Some people see the road back to any from of fitness as so insurmountable they simply don’t know where to start. When riding an e-MTB, you're still exercising but at a much lower effort level. In 2018 there was a systematic review of all research papers related to the health benefits of e-MTBs, and it concluded that there was moderate evidence that riding with assistance improves cardiorespiratory fitness in physically inactive individuals. The intensity of these rides was classed as moderate, which was less than conventional riding, but more than walking; so it’s still working out, but at a manageable and achievable level. I see the e-MTB as a great way to keep mountain bikers riding at all ages even if their fitness levels may have lapsed over time. There's nothing better than seeing the smile on the dial of a rider’s face after a fun day of mountain biking, where before they loved the downhill but dreaded the uphill, had to stop multiple times on the way back up and generally felt terrible.
4. Levelling the playing field
This is far and away my favourite application of the e-MTB. What I've noticed as me and my riding buddies get older is our fitness levels have drifted apart. We were once all pretty similar, but some have got fitter, some less fit and riding all together doesn’t happen as much as it used to. It's too slow for some and downright unpleasant suffering for others. Here, the e-MTB comes into its own and allows all riders across all ages and all fitness levels the chance to spend a day out of the trails.
5. Group rides – pacing for you mates
Two riders, two different goals for the ride. How many times has this happened to you? You want to ride with your best mate, but they're training for some crazy MTB race with 3,000m of vertical climbing, and you’re... well, you're just not! Jumping on the e-MTB will enable you to ride the uphill sections as ferociously (if not more) than your mate, hopefully inspiring them along the way. The 5-hour training session they invited you on is, instead of something to be avoided, now a breeze! If you want to up your effort level on any climb then you have the controls at your disposal to dial back the assist and work harder. No longer do you have to think about the uphill sections and whether you can make it to the top. You can also become the pacemaker for them if they’d like. Simply set your level of pedal assist and off you go, shouting words of encouragement (or barbs to light a fire) to really make the most of their session.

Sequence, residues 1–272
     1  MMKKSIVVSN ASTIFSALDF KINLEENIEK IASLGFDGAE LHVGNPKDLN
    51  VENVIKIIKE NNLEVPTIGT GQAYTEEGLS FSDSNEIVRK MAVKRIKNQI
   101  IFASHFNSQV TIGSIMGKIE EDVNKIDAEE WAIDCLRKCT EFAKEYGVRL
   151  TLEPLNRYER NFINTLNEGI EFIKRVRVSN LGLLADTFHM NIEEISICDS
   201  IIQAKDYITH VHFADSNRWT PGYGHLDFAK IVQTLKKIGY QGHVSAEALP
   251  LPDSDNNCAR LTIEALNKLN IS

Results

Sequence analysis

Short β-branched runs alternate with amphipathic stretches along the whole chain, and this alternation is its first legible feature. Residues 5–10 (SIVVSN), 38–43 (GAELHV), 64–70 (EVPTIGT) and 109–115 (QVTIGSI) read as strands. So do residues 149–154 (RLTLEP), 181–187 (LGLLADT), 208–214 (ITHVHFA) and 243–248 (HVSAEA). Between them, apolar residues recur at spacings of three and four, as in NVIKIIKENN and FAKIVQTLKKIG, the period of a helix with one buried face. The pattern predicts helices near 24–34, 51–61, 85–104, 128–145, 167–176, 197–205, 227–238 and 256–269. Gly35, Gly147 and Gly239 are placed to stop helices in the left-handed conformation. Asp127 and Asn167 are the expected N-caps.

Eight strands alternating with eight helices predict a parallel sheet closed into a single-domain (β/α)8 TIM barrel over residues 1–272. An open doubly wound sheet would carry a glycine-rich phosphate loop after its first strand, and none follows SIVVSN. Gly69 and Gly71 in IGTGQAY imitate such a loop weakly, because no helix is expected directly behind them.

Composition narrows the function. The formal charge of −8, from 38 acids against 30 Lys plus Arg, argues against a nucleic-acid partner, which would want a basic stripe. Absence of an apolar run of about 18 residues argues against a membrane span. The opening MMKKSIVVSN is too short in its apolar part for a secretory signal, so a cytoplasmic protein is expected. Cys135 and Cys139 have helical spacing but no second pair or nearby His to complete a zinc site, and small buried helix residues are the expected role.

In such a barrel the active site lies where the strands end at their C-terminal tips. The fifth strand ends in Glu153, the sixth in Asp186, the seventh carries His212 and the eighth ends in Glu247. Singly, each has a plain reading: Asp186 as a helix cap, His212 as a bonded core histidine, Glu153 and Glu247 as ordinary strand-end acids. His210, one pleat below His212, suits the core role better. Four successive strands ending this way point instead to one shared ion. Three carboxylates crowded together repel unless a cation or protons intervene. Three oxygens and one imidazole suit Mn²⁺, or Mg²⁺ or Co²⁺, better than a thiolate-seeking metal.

6. Recovery rides
A recovery ride by definition should place little to no load on the body. The level of effort involved in the recovery ride should be so little that you can complete the ride while breathing easily through your nose. If at any point you find yourself switching to mouth breathing, then you're going too hard. For many of us, we don’t have the luxury of terrain that enables a pure recovery ride, and there are always sections of hills which make true recovery rides difficult. Enter the e-MTB. Suddenly you can ride your bike every day without fear of overtraining. Tired, sore legs are still able to recover all while getting out and feeling the wind through your helmet!
7. Your daily commute or second car substitute
Having invested big dollars in an e-MTB means you'll want to get the most out of your new toy, right? Even though it’s a mountain bike, it doesn’t mean you can’t ride it on the road or on cycle paths. Using an e-MTB to commute to and from work will make your daily journey a breeze. Yes, it might be a wee bit annoying with the motor cutting out when it reaches 25km/h, but you’re not out to win the Commuter Cup - leave that to the roadies! And, if you want more of a workout on one of your rides either to or from work, try switching the motor off for a couple of low cadence intervals of 3-10 minutes, then recovering in between efforts with the motor assisting. I can assure you, your leg strength will increase rapidly using this method, and all while you fly by the cars and buses stuck in the traffic!